• working on it and nobody starts a duplicate effort, but collaborates instead. They may also have experts review ideas, and some boxes may have up to 20 co-managers that are experts or innovation coaches. In the final stage the ideas move to an innovation board to start formal evaluation. One variation of the process is to create a competition. The ideas in this type of box cannot be viewed by everyone during the competition. Evaluation criteria are defined in the box and evaluation/jury members are assigned to it. They can see and evaluate each idea using a simple form during the entire competition. At the closing day of the competition, the idea manager will automatically get a summary of the idea scores and it is an easy job to single out the winners. When the competition is over, the competition box is converted to a normal open box and the ideas become visible to everyone. The competition ideas can be reused in other boxes and everyone can rate and comment as with all other ideas. IdeaBoxes are a key to innovation at Ericsson. They are supported and followed up upon in the organization. For example, employees in their yearly personal development are evaluated on innovation as one of their evaluation categories. The metrics for this evaluation might come from the innovation tool itself (see Enabling Technology, below). Enabling Technology Ericsson wanted the system to follow a “pull” model and be self-organizing. They didn’t want to have to route ideas, but instead engage the community and generate ideas around specific innovation needs. Ericsson reviewed a number of systems, some of which were in use in different parts of the business, and found that external systems did not meet their needs. The systems weren’t designed to be enterprise-wide and Ericsson was not open to a Software as a Service (SaaS) solution. Ericsson decided to develop their own innovation management solution. They quickly realized that collaborative idea management is not something they should run separately, but instead chose to incorporate it into their exiting collaboration platform, Microsoft SharePoint. Ericsson created a custom configuration on top of SharePoint to support the IdeaBoxes process. Benefits Achieved Today, IdeaBoxes is the de facto standard tool for idea management at Ericsson and an integrated part of hundreds of innovation initiatives throughout the organization globally. They engage over 25,000 employees from all business units, regions, and group functions contributing ideas and comments, from the bottom up. The use of IdeaBoxes has had unbroken growth since its start in 2008. Today (2013), over 400 innovation managers have opened IdeaBoxes to gather and develop ideas targeted to their specific innovation needs. The database has over 30,000 ideas totally and one out of every 30 ideas has been implemented. Comments have reached over 60,000 and are growing faster than the amount of ideas indicating the importance of the social, collaborative process. An internal survey showed that over 70% of innovation managers regarded IdeaBoxes to be an important tool for the success of their innovation initiatives. Lesson Learned A key success factor for the broad use of IdeaBoxes is that it has been voluntary adopted by managers when they have perceived the tool to be useful for their innovation practice. The tool has spread by “viral marketing” inside the organization rather than by top-down implementation. Another factor is that it is appealing for employees to showcase their ideas, possibly having them implemented and being recognized by peers and managers. Curiosity, the chance to get visibility, and the desire to contribute drives employees to use the tool. A third success factor is the corporate-wide approach with one common tool rather than several local isolated systems. Academic research using IdeaBoxes data reveals that the likelihood for an idea to be implemented will increase when idea comments are originating from different units/geographies. This indicates that cross-pollination across the organization will improve idea quality. Another important factor for adoption has been the seamless integration of the idea management tool in the broader collaboration platform (SharePoint) with one interface, one help desk/support, and no separate sign-in requirements. Finally, the pull-based approach outperform the traditional idea push approaches. The openness and transparency of the system creates a direct feedback link between idea submitters, comments by peers and box managers. ©2013 Microsoft Corporation. All rights reserved. Microsoft’s Innovation Management Framework | Page 13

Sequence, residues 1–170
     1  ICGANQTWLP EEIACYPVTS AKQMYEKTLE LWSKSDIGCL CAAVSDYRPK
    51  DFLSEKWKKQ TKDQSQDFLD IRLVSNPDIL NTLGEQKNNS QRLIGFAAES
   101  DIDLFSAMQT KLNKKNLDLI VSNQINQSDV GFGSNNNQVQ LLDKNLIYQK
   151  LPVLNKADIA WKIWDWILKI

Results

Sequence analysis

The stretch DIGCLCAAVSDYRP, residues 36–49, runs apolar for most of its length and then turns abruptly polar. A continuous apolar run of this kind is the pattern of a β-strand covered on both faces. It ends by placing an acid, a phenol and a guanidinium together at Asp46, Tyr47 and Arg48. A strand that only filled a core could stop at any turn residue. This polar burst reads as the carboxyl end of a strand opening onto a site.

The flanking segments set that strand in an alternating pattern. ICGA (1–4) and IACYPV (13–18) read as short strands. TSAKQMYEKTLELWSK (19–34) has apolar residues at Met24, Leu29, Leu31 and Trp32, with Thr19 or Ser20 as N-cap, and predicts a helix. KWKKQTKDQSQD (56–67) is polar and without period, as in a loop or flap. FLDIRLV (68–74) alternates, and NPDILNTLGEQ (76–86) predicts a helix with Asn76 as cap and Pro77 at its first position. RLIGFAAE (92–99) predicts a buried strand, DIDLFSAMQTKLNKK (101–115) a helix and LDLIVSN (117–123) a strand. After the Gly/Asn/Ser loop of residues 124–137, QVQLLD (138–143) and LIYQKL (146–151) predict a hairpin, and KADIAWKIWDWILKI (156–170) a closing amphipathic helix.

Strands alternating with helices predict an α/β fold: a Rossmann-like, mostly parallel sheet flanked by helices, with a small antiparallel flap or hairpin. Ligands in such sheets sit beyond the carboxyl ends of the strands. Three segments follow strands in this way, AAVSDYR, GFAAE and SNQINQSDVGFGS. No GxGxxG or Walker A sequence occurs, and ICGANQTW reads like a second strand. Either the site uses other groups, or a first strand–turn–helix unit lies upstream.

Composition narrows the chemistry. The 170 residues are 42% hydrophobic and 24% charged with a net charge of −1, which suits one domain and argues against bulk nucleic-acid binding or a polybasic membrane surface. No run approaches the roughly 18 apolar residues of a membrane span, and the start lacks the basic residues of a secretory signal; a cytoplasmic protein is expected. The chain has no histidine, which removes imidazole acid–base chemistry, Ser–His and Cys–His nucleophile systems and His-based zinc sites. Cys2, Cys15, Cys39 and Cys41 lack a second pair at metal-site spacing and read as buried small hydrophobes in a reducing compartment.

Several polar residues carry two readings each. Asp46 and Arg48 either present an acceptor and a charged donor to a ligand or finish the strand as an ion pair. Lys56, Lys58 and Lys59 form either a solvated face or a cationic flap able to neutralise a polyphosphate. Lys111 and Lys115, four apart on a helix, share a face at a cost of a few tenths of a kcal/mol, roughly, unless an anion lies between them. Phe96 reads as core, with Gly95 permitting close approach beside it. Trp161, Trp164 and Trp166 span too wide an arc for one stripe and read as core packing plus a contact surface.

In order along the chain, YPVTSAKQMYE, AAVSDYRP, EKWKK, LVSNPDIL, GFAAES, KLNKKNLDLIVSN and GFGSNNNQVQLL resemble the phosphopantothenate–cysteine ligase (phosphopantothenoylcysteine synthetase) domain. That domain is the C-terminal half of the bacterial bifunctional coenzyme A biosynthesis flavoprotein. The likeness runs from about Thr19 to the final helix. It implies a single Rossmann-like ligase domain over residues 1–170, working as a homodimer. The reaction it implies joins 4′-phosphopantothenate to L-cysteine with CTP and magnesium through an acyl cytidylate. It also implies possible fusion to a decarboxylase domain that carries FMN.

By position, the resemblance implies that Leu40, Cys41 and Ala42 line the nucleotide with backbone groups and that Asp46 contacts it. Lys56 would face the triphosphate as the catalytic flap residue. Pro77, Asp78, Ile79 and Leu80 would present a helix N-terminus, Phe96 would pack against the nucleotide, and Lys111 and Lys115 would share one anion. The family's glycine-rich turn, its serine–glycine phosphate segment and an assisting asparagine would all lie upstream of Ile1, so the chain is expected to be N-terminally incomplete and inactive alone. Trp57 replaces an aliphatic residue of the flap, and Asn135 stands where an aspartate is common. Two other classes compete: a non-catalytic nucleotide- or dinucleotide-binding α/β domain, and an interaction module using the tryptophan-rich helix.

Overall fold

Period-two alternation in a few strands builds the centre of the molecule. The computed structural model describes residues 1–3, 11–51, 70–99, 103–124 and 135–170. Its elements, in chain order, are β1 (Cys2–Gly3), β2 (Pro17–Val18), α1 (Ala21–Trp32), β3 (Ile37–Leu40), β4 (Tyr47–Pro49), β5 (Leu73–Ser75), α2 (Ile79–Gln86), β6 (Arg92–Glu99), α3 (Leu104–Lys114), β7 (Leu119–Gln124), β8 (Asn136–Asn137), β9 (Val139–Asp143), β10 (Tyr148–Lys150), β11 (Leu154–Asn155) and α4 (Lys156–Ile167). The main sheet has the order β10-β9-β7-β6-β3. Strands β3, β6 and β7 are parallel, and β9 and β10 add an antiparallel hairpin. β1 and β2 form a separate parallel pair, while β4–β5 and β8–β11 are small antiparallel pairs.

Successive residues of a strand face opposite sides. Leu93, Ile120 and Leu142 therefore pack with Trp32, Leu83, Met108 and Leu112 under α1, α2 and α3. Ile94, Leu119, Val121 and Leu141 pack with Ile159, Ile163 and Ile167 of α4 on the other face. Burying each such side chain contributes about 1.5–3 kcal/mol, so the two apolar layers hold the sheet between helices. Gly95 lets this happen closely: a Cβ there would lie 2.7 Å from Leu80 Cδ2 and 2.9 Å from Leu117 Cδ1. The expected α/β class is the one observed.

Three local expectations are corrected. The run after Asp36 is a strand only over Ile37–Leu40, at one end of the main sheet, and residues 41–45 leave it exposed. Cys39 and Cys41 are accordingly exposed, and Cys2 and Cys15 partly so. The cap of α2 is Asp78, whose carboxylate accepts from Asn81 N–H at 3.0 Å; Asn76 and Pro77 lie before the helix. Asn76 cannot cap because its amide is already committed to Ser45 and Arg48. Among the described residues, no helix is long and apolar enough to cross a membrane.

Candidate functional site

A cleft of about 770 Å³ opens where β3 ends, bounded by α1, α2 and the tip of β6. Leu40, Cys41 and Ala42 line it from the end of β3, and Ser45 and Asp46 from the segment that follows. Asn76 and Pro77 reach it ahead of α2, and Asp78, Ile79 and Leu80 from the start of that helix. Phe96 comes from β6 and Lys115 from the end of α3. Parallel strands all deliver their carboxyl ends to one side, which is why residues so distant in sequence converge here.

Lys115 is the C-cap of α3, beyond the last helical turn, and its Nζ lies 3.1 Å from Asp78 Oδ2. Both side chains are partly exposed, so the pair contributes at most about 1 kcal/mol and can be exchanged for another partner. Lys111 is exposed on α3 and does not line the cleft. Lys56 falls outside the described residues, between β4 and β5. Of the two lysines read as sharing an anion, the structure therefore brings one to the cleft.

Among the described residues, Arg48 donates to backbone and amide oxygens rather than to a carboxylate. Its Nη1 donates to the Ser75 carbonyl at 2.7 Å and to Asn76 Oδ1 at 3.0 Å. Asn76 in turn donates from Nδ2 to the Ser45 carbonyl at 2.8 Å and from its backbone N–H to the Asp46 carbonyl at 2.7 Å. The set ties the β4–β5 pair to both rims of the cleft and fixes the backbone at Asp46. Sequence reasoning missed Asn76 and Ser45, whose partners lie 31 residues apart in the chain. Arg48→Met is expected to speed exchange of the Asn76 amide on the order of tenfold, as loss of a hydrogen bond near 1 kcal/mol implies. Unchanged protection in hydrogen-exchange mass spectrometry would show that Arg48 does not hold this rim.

• Other findings still have challenges attached to them that are addressed in the evolution of the tool. First, when you invite all employees to submit ideas, there will be a bias towards incremental innovation and the quality and usefulness will vary. Will the collective of employees learn over time from successful ideas that have been implemented, with higher quality and usefulness as the result? Second, even if you review and provide support to innovation managers, there will be boxes that are not given the active attention that is expected by idea submitters. Will the collective of box managers learn over time to dynamically open and close boxes to maintain the integrity of the innovation need expressed through the system? Finally, in all idea management systems, many (most) ideas will not be implemented. Will employees keep coming back and submit ideas over time, understanding that you need to generate a large number of ideas to get a few really good ones? Next Steps As next steps, Ericsson will be increasing the integration of IdeaBoxes with other collaboration capabilities, including social networking, innovation tracking, and project management. Another important step is to take idea management to the extranet to engage with customers and partners in collaborative innovation efforts. Ericsson plans to continue to develop these on top of the existing collaboration platform (SharePoint). Additional Information White Paper Case Descriptions Use Cases /documents/IdeaBoxes%20USE%20CASE_0.doc Video PjWYeU! ©2013 Microsoft Corporation. All rights reserved. Microsoft’s Innovation Management Framework | Page 14